The Bar Council recently submitted the draft of the new Legal Profession Act to the Attorney General. The new Act seeks to account for developing trends and technological innovation in the legal profession and also seeks to introduce provisions with the aim of being a fully self-governing Bar.
The new Act was drafted by the Committee to Reform the Legal Sector with the assistance of various working groups. I was appointed to assist Working Group 13 to draft the provision for “Legal Technology” which is now s. 35 of the new Act.
S. 35 of the new Act provides the following-
(1) For the purposes of this section:
“legal technology” means any technological product or service used or to be used in the provision of any service or any act which is within any function or responsibility of any advocate and solicitor, or places at the disposal of any other person the services of an advocate and solicitor;
“legal technology provider” means any person or entity that provides legal technology;
(2) The Bar Council may make rules and rulings for the regulation of any legal technology or legal technology provider, taking into account the promotion of technological innovations, public interest and the interests of members of the Malaysian Bar.
(3) The Bar Council shall have the power to exempt any legal technology or legal technology provider from any rules and rulings of the Bar Council and from section 33, with or without any condition, as may be deemed fit by the Bar Council from time to time.
(4) Any contravention of this section by any legal technology provider, shall result in the revocation of any approval or any exemption granted by the Bar Council.
(5) The Bar Council shall have the power to conduct any inquiry to identify or determine any contravention referred to in subsection (4), and may apply to the High Court by way of originating summons, to compel any person or entity to produce any document for the purpose of the inquiry.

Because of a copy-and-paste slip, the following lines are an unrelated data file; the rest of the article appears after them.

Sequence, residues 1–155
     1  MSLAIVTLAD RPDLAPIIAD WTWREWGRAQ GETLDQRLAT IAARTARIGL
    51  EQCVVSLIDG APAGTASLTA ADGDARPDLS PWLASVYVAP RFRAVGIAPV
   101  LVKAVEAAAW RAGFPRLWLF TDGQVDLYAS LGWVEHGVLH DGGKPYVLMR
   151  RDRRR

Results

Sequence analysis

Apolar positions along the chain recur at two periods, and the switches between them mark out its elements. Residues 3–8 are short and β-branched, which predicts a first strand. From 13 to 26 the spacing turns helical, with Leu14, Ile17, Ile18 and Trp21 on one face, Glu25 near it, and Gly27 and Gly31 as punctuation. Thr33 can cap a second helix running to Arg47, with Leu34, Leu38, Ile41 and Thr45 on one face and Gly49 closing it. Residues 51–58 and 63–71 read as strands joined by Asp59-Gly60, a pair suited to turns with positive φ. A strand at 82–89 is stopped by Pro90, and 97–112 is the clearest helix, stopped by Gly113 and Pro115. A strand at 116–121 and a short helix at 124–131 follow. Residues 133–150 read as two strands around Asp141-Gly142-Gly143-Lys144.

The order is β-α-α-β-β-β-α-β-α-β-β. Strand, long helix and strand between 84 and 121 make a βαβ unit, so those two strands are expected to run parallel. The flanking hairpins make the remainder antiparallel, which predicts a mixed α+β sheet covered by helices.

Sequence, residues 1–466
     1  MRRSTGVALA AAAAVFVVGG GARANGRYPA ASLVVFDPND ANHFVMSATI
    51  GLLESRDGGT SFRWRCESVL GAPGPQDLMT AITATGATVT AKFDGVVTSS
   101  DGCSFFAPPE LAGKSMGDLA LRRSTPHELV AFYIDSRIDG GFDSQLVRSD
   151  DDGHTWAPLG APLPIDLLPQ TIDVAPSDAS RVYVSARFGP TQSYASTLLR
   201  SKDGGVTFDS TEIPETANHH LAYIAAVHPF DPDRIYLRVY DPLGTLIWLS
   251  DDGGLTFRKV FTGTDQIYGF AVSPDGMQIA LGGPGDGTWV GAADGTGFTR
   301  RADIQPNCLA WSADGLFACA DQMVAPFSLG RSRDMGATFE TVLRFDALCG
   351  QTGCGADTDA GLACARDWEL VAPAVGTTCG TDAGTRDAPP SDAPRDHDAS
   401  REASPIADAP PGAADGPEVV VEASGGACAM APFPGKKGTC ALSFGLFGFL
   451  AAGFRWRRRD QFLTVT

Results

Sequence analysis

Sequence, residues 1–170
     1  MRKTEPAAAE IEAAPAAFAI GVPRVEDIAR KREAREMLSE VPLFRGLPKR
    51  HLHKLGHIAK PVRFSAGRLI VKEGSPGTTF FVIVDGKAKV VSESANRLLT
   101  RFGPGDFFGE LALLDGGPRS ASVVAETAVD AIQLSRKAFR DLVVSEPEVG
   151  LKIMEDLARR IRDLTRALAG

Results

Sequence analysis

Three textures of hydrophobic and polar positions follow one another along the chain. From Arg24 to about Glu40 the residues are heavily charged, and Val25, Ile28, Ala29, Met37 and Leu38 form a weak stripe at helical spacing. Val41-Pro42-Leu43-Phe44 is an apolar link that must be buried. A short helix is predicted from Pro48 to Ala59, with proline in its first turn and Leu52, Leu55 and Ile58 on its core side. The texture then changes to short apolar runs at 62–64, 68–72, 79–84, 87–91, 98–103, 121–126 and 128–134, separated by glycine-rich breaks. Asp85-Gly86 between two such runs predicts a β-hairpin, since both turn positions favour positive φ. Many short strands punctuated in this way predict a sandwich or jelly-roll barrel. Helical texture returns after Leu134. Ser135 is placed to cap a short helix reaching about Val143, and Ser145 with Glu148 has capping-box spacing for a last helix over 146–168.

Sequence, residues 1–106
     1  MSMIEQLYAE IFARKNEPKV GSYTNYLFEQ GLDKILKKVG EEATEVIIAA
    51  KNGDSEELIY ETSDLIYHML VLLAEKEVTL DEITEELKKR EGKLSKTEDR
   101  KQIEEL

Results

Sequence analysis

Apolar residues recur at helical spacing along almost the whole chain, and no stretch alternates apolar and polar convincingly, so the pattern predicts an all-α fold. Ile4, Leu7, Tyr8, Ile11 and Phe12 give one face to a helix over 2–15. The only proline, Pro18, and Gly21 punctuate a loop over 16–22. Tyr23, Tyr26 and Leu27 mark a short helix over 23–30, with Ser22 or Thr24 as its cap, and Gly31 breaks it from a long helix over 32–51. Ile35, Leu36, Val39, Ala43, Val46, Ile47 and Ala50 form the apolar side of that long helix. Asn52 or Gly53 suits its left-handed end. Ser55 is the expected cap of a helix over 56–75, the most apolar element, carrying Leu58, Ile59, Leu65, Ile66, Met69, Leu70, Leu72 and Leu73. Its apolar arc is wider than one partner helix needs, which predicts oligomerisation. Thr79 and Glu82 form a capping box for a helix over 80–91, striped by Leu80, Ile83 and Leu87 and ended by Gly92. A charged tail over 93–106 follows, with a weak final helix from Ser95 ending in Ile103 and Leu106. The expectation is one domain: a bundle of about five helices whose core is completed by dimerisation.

(6) Where the Bar Council concludes that there has been a contravention of this section, the Bar Council shall have the power to apply to the High Court –
(a) for an order to restrain the legal technology provider from providing its product, service or solution;
(b) for an order to compel the relevant authority to disclose any further relevant information related to the contravention; and
(c) for an order to compel the relevant authority to restrain or limit access to such legal technological providers that contravene subsection (2).
(7) Any person or entity who contravenes subsection (2) shall be guilty of an offence and shall, on conviction, be liable to a fine not exceeding ten thousand ringgit and where such person or entity is an advocate and solicitor or limited liability law partnership, he or it shall also be liable to disciplinary proceedings under Part XI.
S. 35 seeks to regulate the provision of legal technology by legal technology service provider. It is noted that no approval is required to provide any legal technology or legal technology provider technology services unless Bar Council makes rules and rulings for it.
There had been proposal to introduce provision to require legal technology service provider to register itself with Bar Council before it can provide legal technology services. Fortunately, this provision was not introduced as it would stifle innovation. Businesses would be discouraged from creating any innovation for the legal profession if the barrier to entry is high or uncertain. Furthermore, certain technologies like accounting software are catered to all industries and not only legal industry. It would be difficult for the technology provider to divide itself between non-legal technology and legal technology.
There are two (2) parts to the definition of the term “legal technology”. Legal technology is defined as any technological product or service used or to be used-
(1) in the provision of any service or any act which is within any function or responsibility of any advocate and solicitor, or
(2) places at the disposal of any other person the services of an advocate and solicitor.
The first part basically covers all forms of legal technology used by an advocate and solicitor, whether in a form of a hardware and software, and could include legal information platform, artificial intelligence, accounting, software, mobile payment etc.
The second part basically covers lawyer-client matching service. Lawyer-client matching service is currently prohibited by s. 37 of the Legal Profession Act 1976. Lawyer matching service providers, Burgielaw and CanLaw were prohibited by the Bar Council to provide such services with a fee as it amounts to touting.
With the new s. 35(2) and (3), matching service may again be provided but with Bar Council’s approval.
Disclaimer: The views above are purely my personal views. They are not the official view or intent of the Bar Council.